Over at the Southern Baptist Texan, Barry Creamer responds to a recent Boston Globe article, discussing the tug of war between biomedical research and bioethics. Here’s a snippet: Continue reading
by Barry Creamer
If this issue is so obvious, why were the justices split 5-4, and why are so many people “so obviously wrong” to everyone who disagrees with them? The answer is simple. The disagreement is rooted in competing worldviews. Christianity is not bound by a worldview, but people, including Christians, are. And worldviews are neither chosen by their adherents nor necessarily consistent, even within an individual. As I contend below, an individualistic worldview has led our culture to its current position on gender, sexuality, and marriage. A communitarian worldview would have maintained traditional marriage as normative. And while believers are attracted to that part of a communitarian worldview, we are also sufficiently individualistic that we should be able to understand how the culture has arrived at its current position—even though we adamantly and justly disagree with that position. I do not agree at all with the court’s decision in Obergefell. And as surely as I will continue to affirm the authority and content of scripture I will also affirm traditional Judeo-Christian teachings about human sexuality, gender identity, and marriage. Continue reading
by Kirk Spencer
It’s been an interesting week. The confederate flag was removed across the country and the N-Word was spoken by the president of the country.
It reminds us that symbols and words are like living things. They change. Usage and perceptions alters their meaning over time. And so, if a flag comes to represent racism in America, it is time to lower it and put it in a museum with a card (which no one will read) telling what it meant “back-in-the-day.” And, if words become offensive, don’t say them. For instance, I agree with our president; it is “not polite to say (the N-word) in public…” Now he didn’t say “the N-word.” He said the actual word itself in the same sentence in which he said that saying this word—the one which he is actually saying—is not polite to say. Our president was correct in pointing out the impoliteness of the N-word (though not in actually using it in telling us this). Continue reading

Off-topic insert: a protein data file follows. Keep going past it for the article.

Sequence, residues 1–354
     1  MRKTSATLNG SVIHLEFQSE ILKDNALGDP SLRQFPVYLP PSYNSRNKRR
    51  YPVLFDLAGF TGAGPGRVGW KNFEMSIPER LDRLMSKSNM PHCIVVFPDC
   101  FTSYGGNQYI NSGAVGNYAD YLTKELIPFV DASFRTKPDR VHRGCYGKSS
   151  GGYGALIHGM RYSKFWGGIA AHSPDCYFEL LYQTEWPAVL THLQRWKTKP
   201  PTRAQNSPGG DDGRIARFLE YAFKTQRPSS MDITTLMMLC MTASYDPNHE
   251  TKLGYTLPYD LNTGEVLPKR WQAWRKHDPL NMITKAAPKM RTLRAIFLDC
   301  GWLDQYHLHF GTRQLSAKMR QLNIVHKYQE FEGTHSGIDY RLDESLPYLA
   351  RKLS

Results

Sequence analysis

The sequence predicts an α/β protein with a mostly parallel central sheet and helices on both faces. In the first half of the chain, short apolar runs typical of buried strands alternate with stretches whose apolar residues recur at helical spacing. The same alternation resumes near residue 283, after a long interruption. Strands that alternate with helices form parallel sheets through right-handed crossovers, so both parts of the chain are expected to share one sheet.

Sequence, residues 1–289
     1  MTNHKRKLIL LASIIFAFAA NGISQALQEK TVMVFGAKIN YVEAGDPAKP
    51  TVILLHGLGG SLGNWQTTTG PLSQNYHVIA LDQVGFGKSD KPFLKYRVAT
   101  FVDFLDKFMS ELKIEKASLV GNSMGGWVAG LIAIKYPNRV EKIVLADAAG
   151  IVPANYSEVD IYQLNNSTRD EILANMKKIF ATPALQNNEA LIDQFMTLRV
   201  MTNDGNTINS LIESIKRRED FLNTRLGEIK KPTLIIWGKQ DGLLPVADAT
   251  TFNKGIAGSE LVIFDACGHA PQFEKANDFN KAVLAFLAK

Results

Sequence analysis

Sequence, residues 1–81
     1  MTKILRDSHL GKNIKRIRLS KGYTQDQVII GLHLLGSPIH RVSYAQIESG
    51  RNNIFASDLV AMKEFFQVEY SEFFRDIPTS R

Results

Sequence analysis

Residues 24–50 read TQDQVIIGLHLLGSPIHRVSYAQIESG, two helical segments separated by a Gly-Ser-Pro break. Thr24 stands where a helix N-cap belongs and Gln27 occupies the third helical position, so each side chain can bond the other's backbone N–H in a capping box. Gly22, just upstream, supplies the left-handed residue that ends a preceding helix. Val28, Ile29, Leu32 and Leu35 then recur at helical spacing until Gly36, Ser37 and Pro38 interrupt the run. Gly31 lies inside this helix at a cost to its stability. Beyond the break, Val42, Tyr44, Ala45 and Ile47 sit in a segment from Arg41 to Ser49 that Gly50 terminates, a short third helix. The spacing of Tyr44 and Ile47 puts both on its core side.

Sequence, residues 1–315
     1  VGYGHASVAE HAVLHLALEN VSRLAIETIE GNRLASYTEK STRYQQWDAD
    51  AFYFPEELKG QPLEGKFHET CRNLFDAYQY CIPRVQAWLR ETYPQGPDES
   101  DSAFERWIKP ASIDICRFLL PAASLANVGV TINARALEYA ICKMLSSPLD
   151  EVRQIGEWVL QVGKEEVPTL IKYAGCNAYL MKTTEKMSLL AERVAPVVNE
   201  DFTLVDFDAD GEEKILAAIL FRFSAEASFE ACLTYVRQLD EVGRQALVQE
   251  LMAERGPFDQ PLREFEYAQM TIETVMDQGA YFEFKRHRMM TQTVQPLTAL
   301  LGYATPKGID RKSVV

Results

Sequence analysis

by Joe Wooddell
After Game 3 of the NBA finals (Cleveland over Golden State 96-91), it finally dawned on me why I so dislike some of what LeBron James does. What’s not to like? 40 points in the game, 41% field goal percentage, 33% from three-point range, 83% at free throws, 12 rebounds, 8 assists, and 4 steals. Possibly he is the greatest basketball player ever. So what’s the problem with this 6’8” 250 lb. legend? What I would have said immediately after the game is that he’s a whiner. But I think that’s just a symptom of a deeper issue, which I’ll share in a moment. Continue reading